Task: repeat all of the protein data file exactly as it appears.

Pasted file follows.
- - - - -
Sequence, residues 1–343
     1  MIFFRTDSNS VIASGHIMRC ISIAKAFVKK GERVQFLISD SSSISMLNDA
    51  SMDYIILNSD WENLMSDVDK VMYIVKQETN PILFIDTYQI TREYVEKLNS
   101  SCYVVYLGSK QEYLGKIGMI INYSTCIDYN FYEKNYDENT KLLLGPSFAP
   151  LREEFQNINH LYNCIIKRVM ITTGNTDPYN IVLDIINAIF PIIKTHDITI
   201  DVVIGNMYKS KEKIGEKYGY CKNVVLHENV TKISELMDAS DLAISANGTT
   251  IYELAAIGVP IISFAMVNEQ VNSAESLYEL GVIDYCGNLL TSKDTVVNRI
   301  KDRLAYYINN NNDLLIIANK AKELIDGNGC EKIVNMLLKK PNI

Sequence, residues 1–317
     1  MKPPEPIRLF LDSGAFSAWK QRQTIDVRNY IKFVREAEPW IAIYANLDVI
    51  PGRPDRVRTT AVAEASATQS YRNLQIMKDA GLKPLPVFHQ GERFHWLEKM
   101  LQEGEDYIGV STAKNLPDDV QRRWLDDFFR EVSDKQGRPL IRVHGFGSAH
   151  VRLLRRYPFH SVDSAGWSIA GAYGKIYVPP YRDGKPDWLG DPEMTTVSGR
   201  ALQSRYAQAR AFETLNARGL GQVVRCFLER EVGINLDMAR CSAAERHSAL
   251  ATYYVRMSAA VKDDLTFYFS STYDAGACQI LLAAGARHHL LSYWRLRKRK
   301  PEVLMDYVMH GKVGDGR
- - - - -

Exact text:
Sequence, residues 1–343
     1  MIFFRTDSNS VIASGHIMRC ISIAKAFVKK GERVQFLISD SSSISMLNDA
    51  SMDYIILNSD WENLMSDVDK VMYIVKQETN PILFIDTYQI TREYVEKLNS
   101  SCYVVYLGSK QEYLGKIGMI INYSTCIDYN FYEKNYDENT KLLLGPSFAP
   151  LREEFQNINH LYNCIIKRVM ITTGNTDPYN IVLDIINAIF PIIKTHDITI
   201  DVVIGNMYKS KEKIGEKYGY CKNVVLHENV TKISELMDAS DLAISANGTT
   251  IYELAAIGVP IISFAMVNEQ VNSAESLYEL GVIDYCGNLL TSKDTVVNRI
   301  KDRLAYYINN NNDLLIIANK AKELIDGNGC EKIVNMLLKK PNI

Sequence, residues 1–317
     1  MKPPEPIRLF LDSGAFSAWK QRQTIDVRNY IKFVREAEPW IAIYANLDVI
    51  PGRPDRVRTT AVAEASATQS YRNLQIMKDA GLKPLPVFHQ GERFHWLEKM
   101  LQEGEDYIGV STAKNLPDDV QRRWLDDFFR EVSDKQGRPL IRVHGFGSAH
   151  VRLLRRYPFH SVDSAGWSIA GAYGKIYVPP YRDGKPDWLG DPEMTTVSGR
   201  ALQSRYAQAR AFETLNARGL GQVVRCFLER EVGINLDMAR CSAAERHSAL
   251  ATYYVRMSAA VKDDLTFYFS STYDAGACQI LLAAGARHHL LSYWRLRKRK
   301  PEVLMDYVMH GKVGDGR